I'm not sure if there's a way to know if yours is lower now than it used to be, unless you had it measured before your heart event. At 60%, I'd agree with your doctor that you have a great EF, well within the expected range.

I'm not a doctor, so I don't know what's causing your chest discomfort, but I can tell you about my own experience after having six stents and being in the hospital for a week: I was definitely experiencing a fairly high level of anxiety for the first couple of weeks after I got home. This played out as me worrying myself to distraction about every single slight twinge of pain in my chest, that beforehand, I would've just ignored. I was so scared and freaked out that two days home from the hospital, I made an appointment to see my regular doctor, and she was able to get me in to see my cardiologist much sooner than the initial six-week follow-up that had been set up when I was leaving the hospital.

When I saw my cardiologist at that visit, he had me show him where the pain was, and he had me describe it to him. He was very good about listening to me, and didn't get frustrated when I started crying. He did tell me that he was almost certain that what I was experiencing was anxiety, and that it was a normal reaction, given what I'd just been through.

The first couple of weeks home from the hospital were the worst for me, in terms of anxiety. Eventually I had to stop researching things online, stop reading about SCADs, stop looking at websites about stents, etc. I just couldn't take it all in, and it was leading to more stress, not less.

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I just wanted to throw in my two cents and share some of my experience. I have 6 drug-eluding stents; 4 are Boston Scientific, the 5th and 6th are each different brands. My stents have been placed three different times due to dissection, so my experience is definitely different than yours if yours were placed during open heart surgery.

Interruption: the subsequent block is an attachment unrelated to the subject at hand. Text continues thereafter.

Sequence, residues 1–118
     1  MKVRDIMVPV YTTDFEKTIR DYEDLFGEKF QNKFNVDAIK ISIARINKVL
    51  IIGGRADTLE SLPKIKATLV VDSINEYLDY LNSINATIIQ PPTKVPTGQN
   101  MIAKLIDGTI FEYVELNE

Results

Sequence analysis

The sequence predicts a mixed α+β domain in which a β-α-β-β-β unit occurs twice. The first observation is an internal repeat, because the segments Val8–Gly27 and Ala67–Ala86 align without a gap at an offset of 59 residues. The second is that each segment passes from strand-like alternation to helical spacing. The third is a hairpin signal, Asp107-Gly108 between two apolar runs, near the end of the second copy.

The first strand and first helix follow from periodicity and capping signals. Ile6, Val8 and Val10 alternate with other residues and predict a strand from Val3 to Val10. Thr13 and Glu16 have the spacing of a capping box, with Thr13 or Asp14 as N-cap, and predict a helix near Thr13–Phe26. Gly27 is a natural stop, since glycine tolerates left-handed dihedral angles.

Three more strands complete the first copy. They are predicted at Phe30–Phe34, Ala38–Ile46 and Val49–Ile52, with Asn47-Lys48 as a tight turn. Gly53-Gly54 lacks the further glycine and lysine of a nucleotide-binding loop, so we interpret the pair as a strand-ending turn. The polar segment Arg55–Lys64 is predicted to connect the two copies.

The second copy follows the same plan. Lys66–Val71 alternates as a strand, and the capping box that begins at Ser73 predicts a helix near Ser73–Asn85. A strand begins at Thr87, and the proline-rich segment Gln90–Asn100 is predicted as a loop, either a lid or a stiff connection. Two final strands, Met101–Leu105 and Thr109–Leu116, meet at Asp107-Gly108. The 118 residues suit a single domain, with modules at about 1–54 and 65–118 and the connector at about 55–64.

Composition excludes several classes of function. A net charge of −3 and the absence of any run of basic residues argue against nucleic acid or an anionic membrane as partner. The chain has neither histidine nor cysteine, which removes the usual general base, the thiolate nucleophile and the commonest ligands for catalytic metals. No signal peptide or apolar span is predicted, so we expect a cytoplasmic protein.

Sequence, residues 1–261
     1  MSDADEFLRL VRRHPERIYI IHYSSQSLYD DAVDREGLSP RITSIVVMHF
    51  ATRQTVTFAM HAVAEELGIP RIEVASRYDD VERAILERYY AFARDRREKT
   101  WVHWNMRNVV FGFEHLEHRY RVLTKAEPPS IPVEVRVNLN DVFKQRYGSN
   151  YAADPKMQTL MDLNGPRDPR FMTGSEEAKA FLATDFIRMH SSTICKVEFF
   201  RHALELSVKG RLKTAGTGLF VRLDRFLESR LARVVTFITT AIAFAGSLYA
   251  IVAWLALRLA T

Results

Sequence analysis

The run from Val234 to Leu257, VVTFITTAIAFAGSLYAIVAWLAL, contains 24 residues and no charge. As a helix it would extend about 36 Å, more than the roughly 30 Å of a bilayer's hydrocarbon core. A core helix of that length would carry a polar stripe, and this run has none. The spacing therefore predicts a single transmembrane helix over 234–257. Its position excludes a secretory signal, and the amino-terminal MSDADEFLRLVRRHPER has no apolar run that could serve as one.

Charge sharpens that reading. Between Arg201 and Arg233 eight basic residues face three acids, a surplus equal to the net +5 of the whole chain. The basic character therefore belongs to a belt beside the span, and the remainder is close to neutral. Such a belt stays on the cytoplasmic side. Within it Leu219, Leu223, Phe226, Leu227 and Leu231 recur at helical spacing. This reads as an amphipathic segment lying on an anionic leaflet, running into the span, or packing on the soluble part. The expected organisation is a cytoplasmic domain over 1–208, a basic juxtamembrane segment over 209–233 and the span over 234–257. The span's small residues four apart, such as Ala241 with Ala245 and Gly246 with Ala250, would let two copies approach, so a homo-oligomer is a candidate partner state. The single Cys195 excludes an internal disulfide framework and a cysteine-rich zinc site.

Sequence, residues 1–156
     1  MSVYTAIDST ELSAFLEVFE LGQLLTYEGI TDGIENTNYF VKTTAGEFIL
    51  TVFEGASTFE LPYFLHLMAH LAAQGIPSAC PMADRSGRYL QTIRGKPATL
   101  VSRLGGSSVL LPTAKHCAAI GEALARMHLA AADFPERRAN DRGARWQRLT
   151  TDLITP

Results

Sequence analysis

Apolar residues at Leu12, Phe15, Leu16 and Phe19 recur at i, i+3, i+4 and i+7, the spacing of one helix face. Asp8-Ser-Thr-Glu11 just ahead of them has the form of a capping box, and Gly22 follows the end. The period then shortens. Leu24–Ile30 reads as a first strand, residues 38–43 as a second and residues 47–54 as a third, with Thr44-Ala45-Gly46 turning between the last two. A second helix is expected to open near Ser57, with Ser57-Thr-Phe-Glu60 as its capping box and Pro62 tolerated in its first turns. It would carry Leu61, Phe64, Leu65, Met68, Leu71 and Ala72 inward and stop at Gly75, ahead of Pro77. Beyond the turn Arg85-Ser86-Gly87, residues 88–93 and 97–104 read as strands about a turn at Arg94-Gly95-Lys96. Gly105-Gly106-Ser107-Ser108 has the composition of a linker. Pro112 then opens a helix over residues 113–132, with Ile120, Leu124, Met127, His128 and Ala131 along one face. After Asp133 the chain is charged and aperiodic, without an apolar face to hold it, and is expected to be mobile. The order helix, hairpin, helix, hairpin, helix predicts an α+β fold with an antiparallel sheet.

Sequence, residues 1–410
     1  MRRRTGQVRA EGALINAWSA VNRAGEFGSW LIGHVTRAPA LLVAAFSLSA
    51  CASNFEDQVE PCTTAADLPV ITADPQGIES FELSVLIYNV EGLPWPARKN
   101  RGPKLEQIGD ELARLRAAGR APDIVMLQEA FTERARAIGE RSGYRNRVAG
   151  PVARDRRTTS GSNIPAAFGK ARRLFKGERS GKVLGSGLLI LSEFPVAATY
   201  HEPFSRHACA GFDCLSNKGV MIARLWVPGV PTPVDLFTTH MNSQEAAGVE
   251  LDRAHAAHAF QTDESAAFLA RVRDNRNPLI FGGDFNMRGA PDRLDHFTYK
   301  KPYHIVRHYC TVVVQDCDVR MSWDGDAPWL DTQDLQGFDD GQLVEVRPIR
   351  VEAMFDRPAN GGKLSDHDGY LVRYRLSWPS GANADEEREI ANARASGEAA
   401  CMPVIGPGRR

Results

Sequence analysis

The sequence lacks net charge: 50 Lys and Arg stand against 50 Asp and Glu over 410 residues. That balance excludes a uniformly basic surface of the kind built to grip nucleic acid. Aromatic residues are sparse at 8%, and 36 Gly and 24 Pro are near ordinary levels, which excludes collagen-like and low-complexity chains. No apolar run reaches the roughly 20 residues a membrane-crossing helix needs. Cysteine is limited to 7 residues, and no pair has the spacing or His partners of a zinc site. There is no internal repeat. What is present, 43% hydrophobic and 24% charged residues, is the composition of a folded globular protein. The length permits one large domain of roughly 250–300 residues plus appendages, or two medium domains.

But there are many similarities I think... I had quite a bit of chest discomfort for a month or so after each time I had stents placed (mine were all done between April 2009 and April 2010). I personally believe that whenever doctors go in and "ding around with" our hearts and arteries, it takes a bit for the body to recover. So, I think discomfort is to be expected; to be mindful of it is a very good thing.

Each woman I can recall talking with about their heart attack or heart event describes re-occurances as having the same or similar symptoms, so I think it's reasonable to think that if you have another heart attack or blockage it will feel similar to your first time. Any doubt, call 911.

I was referred out to Mount Sinai in NYC to see a certain vascular doctor named Jeffrey Olin. I thought he was excellent and he works in their heart & vascular center. Whether they offer the best cardiac care, I can't say. But I was pleased with him, for sure. I live in Minnesota and he is following my care with my doctor from here.

Lastly, about your EF, I think it's great too :-) Mine is about 60% as well and I've been told that it varies throughout the day and on any given day. It is a measure of the heart's ability to pump blood in and out. My cardio also said it is a measure of heart function -- if the EF is that high, it means the heart functions normally. That's good news! With the stents and repairs made, your heart can function normally.

Whether the stents last a certain amount of time, I've not been given a direct answer either. But my doctors have said that if stents are going to re-stenos, they tend to do so within the first 6 months (they may say that since I've passed the 6 month mark though... LOL!!). The body is getting is getting used to the stent, and tissues can grow in through the stent walls at first.

I wish you well! Sounds like you have a positive attitude and that's awesome. Take care,